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house-web-newRISMEDIA, May 16, 2009-(MCT)-Short sales are making up a larger percentage of distressed home listings in several of the more harder hit markets around the country, such as Las Vegas, for example. And local real estate agents there say banks continue to drag their feet on approval. Although short-sale listings, or homes offered for less than the mortgage owed, have climbed steadily since January, short-sale closings declined to 7 percent of all resales in March from about 10 percent in August, Frank Nason of Residential Resources said.

During that same time, foreclosures increased to 80 percent of all sales from 70 percent.

The median price of a short sale in the first quarter was $184,250, compared with $139,900 for a foreclosure, Nason reported. On a per-square-foot basis, short-sale prices were 18.4 percent higher than foreclosures.

“Why aren’t the banks and the Feds trying to expedite and enhance the number of successful short-sale transactions instead of losing more than one-fifth the value of the property?” Nason asked. “That’s not even taking into account the continued financial beating they take while the foreclosure process transpires.”

There were 246 short sales completed in Las Vegas in April, a 27.5 percent increase from the previous month, Rob Jenson of The Jenson Group reported. Short sales on the market increased 4.3 percent to 8,119 units.

Distress sales, which include foreclosures and short sales, accounted for 86 percent of all sales in April and has been in the 80 percent to 90 percent range for the last seven months, Jenson said.

Nason said he usually encounters mass confusion and exhaustive delays at a bank’s loss-mitigation department. Most real estate agents generally avoid short sales because of the “brain damage” sustained from dealing with financial institutions, he said. “More often than not, the transaction falls apart because of the extremely long period of time it takes to get any meaningful response from these institutions,” Nason said. “Or they decide to change the agreed-upon terms at the last minute.”

Given the current state of the housing market, especially in Nevada, short sales are cropping up more than ever as an option for avoiding foreclosure, said John Mechem, spokesman for the Mortgage Bankers Association. That taxes servicers who are set up to receive and process mortgage payments, not manage and approve home sales, he said.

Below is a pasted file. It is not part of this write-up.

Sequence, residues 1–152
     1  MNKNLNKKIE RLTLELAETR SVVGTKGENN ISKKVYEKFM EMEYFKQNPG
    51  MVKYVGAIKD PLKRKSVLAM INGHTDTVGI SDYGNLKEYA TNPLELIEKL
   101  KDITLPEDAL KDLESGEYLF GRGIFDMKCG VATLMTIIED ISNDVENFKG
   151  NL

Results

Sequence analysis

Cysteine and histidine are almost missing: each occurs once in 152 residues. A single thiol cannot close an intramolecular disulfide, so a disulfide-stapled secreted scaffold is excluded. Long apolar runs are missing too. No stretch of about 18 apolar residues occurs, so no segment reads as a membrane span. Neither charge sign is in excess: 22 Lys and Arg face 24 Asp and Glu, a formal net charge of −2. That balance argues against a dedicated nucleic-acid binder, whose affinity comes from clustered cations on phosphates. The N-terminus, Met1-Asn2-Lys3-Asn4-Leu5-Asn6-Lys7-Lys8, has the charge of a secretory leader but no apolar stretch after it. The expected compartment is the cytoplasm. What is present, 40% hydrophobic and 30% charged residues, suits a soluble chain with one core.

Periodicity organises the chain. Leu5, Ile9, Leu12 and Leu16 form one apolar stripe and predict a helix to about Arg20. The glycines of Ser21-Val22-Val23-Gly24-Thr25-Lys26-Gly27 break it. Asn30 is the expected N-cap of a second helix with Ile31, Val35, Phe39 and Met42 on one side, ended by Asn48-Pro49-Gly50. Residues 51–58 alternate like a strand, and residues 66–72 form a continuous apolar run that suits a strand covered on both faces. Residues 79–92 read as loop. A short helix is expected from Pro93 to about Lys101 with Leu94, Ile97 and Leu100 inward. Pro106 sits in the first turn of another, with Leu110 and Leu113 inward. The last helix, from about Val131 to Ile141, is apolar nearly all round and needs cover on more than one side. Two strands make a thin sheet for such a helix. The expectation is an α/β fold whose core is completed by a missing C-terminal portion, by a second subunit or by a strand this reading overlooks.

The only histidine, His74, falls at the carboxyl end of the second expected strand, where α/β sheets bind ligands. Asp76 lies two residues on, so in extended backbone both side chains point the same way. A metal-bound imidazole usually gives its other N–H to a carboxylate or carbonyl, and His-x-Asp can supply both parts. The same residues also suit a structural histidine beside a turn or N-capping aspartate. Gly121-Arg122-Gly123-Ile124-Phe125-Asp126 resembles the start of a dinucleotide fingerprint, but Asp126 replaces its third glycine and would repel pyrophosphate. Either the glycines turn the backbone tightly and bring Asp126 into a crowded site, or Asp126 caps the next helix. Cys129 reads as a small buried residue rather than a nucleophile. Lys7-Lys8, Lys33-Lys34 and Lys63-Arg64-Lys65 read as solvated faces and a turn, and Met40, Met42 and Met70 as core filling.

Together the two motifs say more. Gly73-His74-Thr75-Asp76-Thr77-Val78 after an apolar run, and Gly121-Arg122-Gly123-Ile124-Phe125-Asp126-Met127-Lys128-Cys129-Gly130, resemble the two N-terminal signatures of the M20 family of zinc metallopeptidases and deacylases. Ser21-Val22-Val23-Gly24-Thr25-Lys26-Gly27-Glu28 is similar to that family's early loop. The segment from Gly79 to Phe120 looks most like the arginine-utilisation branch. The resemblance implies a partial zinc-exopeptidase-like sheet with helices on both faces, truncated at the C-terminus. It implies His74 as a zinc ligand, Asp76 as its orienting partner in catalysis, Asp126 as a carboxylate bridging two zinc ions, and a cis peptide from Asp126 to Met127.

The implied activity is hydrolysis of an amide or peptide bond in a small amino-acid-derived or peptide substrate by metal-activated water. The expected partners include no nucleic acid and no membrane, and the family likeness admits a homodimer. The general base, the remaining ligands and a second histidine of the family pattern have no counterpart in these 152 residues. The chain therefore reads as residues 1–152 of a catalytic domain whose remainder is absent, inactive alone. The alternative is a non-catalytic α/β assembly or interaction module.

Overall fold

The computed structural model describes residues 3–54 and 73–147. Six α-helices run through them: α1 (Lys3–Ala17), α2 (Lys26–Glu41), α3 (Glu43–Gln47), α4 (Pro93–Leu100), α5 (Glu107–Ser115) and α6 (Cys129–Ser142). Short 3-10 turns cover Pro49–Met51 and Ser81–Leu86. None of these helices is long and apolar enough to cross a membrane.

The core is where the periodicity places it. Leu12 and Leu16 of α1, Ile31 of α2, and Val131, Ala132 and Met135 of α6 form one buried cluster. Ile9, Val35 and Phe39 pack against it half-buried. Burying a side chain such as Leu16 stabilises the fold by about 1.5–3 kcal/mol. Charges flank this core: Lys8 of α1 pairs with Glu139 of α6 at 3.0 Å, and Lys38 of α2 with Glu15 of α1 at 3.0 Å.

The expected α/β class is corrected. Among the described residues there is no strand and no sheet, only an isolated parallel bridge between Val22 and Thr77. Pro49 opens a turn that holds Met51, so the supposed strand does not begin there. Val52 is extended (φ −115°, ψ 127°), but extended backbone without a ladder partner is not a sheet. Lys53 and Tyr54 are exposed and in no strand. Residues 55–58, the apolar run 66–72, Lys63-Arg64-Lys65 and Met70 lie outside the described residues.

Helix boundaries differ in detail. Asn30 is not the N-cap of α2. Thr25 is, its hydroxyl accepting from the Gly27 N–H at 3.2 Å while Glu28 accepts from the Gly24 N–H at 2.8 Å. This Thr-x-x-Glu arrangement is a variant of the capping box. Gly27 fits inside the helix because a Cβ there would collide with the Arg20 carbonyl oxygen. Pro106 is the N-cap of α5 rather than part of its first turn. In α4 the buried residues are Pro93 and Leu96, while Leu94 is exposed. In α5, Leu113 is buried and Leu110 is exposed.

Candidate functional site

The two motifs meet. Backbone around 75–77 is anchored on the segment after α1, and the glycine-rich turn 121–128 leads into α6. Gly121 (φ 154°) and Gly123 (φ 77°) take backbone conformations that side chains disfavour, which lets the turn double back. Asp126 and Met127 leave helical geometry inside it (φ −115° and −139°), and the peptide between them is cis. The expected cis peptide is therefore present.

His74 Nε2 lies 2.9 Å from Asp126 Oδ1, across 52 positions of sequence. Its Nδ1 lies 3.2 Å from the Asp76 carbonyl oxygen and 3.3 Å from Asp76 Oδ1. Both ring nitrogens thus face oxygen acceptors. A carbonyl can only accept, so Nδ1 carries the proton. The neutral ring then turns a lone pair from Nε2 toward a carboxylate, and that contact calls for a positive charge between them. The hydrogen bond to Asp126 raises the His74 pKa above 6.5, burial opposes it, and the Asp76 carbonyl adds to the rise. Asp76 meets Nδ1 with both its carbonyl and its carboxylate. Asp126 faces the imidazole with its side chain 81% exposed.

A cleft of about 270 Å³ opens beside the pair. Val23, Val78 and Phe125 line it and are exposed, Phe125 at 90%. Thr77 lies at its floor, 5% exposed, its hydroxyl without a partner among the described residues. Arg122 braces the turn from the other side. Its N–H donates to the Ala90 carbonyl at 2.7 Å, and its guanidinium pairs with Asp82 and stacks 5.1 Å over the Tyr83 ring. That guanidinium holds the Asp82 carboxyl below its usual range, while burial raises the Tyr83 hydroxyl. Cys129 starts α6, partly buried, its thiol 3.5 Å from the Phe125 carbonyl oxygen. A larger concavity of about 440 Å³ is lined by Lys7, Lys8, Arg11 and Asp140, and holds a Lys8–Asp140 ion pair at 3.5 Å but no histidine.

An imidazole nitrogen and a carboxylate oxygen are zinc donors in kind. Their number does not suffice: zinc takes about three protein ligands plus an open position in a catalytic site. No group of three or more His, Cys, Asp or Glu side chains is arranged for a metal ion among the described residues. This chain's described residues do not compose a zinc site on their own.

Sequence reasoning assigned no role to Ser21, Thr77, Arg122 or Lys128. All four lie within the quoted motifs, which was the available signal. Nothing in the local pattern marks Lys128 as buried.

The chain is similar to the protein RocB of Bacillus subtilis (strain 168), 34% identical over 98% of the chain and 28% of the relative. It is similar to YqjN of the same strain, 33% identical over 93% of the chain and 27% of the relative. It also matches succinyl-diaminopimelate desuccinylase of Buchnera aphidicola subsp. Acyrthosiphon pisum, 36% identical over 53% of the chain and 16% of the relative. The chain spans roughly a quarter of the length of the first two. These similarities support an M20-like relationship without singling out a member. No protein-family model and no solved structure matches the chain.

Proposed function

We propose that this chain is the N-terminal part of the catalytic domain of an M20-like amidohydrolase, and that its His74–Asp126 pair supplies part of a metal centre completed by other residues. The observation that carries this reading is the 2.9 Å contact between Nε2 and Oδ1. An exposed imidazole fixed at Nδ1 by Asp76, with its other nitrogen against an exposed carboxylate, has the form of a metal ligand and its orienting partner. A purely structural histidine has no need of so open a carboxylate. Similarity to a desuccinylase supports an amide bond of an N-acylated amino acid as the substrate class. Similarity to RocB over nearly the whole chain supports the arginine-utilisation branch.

“Short sales are complicated and take time,” Mechem said. “It’s not like submitting a bid to a private owner. The servicer has to do its due diligence, both for its own purposes and on behalf of the investor or the entity that actually holds the note or owns the mortgage on the property.”

Another problem is that borrowers aren’t talking to their lenders first. Instead, they’re working only with real estate agents and then presenting a short-sale offer “cold” to the bank, Mechem said.

Many of those offers come in absurdly below fair market value, he said. Each offer must be evaluated, which clogs the pipeline and slows the process.

“Oftentimes a buyer will see a short sale and mistakenly think that the bank will sell it far below list price because the bank doesn’t want to own the property, so they make an offer significantly under value,” Mechem said. “While it’s true that the bank may not want to own the house, the bank still is not going to sell the home far below what it has determined as the true market value of the property.”

Lenders are being inundated with short-sale offers that are 20 percent to 40 percent below market value, he said.

By approving more short sales, banks could save money and spare people the mental anguish of losing their homes, Nason said.

A short sale will hurt the consumer’s credit, but not nearly as much as a foreclosure, which can reduce a credit rating by more than 250 points. Short sales appear on a credit report as “preforeclosure in redemption,” not as “debt discharged due to foreclosure.”

It would help solve some of the problems associated with foreclosures such as deteriorating landscaping, declining property values and lost revenue for homeowners associations, Nason added.

Copyright (c) 2009, Las Vegas Review-Journal
Distributed by McClatchy-Tribune Information Services